http://web.me.com/fillieverhoeven/architektuur/1_-_kolumba_01.html

Francois

Edited by frv

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They insist on being a simple 3D polygon modeler that is basic and easy to use for a general audience, NOT a professional tool on the level of AutoCAD, Revit, MicroStation, ArchiCAD or Vectorworks.

Sure, but one of the biggest fallacies in software design is that power necessitates complexity and training manuals. I'm sure you're not suggesting that VW perspective view can't take some lessons from SU and be improved to be more intuitive and easier to use? VW perspective view is, after all, a very old interface.

[bIM tools have] ... the capacity to handle sophisticated data attributes, geometry, and relationships ... (yes, even us Christiaan)

Well I've never really questioned VWs' capacity to handle these things. My complaints have always centred on the difficulty in creating the geometry. Gladly, as of v2011, VW has made some huge leaps on this front.

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[bIM tools have] ... My complaints have always centred on the difficulty in creating the geometry. Gladly, as of v2011, VW has made some huge leaps on this front.

I agree 100 % with this.

Although the improvements show the enormous task at hand as well, to catch up with these days big names like among others Sketchup, Modo, Rhino and Revit.

I also wonder why it has taken Nemetchek so many years to move on.

Francois

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Jeffrey,

@Last was a visionary company, with certainly very different ideas about Sketchup than what Google had planned for it. Sadly that's how it is.

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Francois,

Again, SU -> simple 3D modeling, Vectorworks Architect -> BIM. Not the same animal.

The number of users is not an issue. That's NOT the point. Workflow and resulting product is. IF all you need are pretty, simple 3D sculptures with rendering, fine, use SU to your heart's content. If you want to really do virtual prototyping, construction simulation, scheduling, interoperability with other BIM applications, then use Vectorworks.

If you want better UI for Vectorworks, fine, but it will never be as simplistic as SU, because it will always do more, be more, and have more depth and complexity than SU.

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Hi Jeffrey, I hear you but you are wrong. Not in the sense that I think you don't know what you write but that you , and probably Nemetchek as well underestimate the power of simple 3D modeling with a highly intelligent and sophisticated UI that SU has.

Many thousands of users, many more than Vectorworks has, are actually doing construction simulation, virtual prototyping and all sorts of engineering and exchanging data to other parties concerned, with SU. The reason for it is that with SU generating 3D data is fast, easy, accurate, controled, and visually pleasing.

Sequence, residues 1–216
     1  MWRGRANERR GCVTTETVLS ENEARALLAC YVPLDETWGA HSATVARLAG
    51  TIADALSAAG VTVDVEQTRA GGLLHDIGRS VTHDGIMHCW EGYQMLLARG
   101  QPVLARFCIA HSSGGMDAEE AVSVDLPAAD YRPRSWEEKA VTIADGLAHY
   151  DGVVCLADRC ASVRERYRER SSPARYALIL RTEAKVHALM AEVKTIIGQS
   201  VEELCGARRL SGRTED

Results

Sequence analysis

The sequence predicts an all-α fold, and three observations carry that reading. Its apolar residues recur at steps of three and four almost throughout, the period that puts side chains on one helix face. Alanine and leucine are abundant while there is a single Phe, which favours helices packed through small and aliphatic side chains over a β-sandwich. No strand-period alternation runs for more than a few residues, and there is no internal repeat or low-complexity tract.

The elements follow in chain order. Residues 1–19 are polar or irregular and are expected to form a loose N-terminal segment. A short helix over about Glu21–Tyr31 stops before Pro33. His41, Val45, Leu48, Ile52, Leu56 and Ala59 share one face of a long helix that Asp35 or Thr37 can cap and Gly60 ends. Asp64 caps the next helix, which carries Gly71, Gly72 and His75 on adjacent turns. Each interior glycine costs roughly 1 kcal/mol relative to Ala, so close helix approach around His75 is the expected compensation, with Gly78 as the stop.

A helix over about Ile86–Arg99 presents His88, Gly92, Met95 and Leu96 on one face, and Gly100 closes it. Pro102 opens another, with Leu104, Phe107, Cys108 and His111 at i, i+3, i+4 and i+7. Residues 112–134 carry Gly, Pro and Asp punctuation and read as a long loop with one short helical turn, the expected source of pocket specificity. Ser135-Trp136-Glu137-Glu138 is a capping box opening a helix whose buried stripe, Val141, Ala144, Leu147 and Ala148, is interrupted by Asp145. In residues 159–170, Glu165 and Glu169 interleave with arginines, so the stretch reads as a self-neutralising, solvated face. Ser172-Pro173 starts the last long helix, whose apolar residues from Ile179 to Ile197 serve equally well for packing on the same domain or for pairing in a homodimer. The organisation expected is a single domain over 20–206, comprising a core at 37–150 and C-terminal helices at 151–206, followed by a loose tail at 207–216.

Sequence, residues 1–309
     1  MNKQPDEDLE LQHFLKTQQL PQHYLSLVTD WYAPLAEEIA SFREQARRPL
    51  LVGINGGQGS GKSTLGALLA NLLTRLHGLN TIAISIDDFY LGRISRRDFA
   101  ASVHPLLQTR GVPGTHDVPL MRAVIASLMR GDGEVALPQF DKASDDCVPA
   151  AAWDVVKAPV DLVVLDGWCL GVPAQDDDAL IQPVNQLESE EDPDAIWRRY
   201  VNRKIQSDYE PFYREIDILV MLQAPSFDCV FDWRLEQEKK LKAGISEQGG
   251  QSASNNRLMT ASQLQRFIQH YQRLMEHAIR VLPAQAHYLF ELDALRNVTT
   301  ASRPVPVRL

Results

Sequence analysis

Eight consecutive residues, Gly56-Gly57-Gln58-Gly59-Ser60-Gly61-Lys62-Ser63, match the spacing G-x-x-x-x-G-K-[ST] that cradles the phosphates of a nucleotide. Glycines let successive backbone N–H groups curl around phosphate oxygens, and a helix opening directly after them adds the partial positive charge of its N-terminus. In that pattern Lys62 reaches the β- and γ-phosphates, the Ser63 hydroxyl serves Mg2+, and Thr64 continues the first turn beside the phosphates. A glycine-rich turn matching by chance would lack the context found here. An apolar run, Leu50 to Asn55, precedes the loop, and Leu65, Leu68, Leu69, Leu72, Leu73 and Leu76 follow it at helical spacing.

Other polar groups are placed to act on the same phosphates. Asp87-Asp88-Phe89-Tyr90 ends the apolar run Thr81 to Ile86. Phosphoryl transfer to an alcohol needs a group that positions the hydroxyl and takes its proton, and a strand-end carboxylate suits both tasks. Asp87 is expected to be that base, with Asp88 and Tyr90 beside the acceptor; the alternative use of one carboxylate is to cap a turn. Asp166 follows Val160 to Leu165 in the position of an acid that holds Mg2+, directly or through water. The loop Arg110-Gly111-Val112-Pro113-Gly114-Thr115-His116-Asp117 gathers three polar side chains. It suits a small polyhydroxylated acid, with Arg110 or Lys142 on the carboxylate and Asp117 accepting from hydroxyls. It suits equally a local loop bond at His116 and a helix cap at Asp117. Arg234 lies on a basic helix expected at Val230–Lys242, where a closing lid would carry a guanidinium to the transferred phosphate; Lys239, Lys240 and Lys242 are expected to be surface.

Pretty 3D sculpturing is actually a rather sophisticated and complex hobby of people who are willing to invest in unbiased renderengines and app's like Modo, Rhino, or for example Zbrush. To be honest, 3D sculpturing is probably an area were SU does not shine, unless you like shapes in more or less rectangular forms.

SU shines in architectural modeling, and Vectorworks does not even though its decade long head start. I think its time to find out why. Vectorworks is not going to get big as a wireframe modeler in orthogonal view with Renderworks or its weird simplistic perspective viewport.

Francois

Edited by frv

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Francois,

I'm not sure if I want to get in the middle of an argument, but VW is pretty awesome and obviously continually improving. SU is pretty awesome too. But if you are so sold on SU, use it. I like VW and am getting mere comfortable with the 3D so I use it. I like to compare VW with other software and say why not us too, its how we dialog and improve the software by our needs and wants.

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That does it --- I'm sold. All these years, I've been doing my 3d models in VW and exporting them to SU. Never again.

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Francois,

Our office has users who prefer SU and use it daily and users who prefer Vectorworks and use it daily for modeling. The SU users are premier modelers and have been published by the likes of Jim Leggit in his books. The vectorworks modelers beta test and start to model the minute we start to design. In our office the Vectorworks 3d modelers can finish a design of any geometry type and rendering method in a third of the time it takes to create the models in SU. These are real world fee billings. Each has its strengths but the project that use Vectorworks from the outset do not have to exchange or recreate anything within our office setting where as those that use SU all the geometry has to be recreated in Vectorworks so construction documents can be created. This creates huge time savings when moving from the schematic design to the design development phases.

We are not saying that SU should not be used, but used depending on the project as we do all the time. We are not saying that Vectorworks 3d environment is perfect, but having modeled some in Revit and ArchiCAD we can say that Vectorworks allows and has greater geometric capability than these other mentioned applications and is moving more and more toward the SU modeling environment but also more and more toward the MCAD world. As architects we desire the ability to directly edit and impact the 3d objects we interact with in this virtual world and with 2011 this capability is even better.

Finally, we have had recent success with 2011 and IFC exchange with other consultant team members using a variety of other software applications for their work with the geometry properly replicated for them to reference.

The modeling learning curve is much steeper in Vectorworks than SU but once learned pays dividends in time used to complete the task. This is only our office experience with our SU and Vectorworks designers and may not be applicable to other offices with different designers and the tools they use..

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But if you are so sold on SU, use it.

This is just patronising NatureBoy; I'm sure Francois can make his own mind up. This has nothing to do with his argument about taking lessons from SU.